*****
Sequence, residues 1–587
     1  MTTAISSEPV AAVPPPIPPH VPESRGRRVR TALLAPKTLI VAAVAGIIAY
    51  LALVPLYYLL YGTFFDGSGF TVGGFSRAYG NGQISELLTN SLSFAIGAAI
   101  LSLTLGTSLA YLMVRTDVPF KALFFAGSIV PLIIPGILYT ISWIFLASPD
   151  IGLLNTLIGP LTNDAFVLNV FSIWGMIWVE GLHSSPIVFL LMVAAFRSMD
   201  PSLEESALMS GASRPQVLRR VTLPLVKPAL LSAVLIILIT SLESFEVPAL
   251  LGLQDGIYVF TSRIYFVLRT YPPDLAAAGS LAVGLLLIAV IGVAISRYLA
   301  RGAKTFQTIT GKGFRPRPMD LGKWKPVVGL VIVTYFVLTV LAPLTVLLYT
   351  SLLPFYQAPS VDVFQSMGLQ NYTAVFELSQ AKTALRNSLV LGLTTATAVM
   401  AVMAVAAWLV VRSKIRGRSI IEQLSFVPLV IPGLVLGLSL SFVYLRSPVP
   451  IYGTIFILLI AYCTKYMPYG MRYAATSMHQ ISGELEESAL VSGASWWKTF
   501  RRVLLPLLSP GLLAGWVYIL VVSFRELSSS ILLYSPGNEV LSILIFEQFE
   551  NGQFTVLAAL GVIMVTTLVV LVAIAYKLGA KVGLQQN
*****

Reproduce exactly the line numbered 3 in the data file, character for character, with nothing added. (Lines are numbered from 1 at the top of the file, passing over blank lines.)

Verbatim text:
    51  LALVPLYYLL YGTFFDGSGF TVGGFSRAYG NGQISELLTN SLSFAIGAAI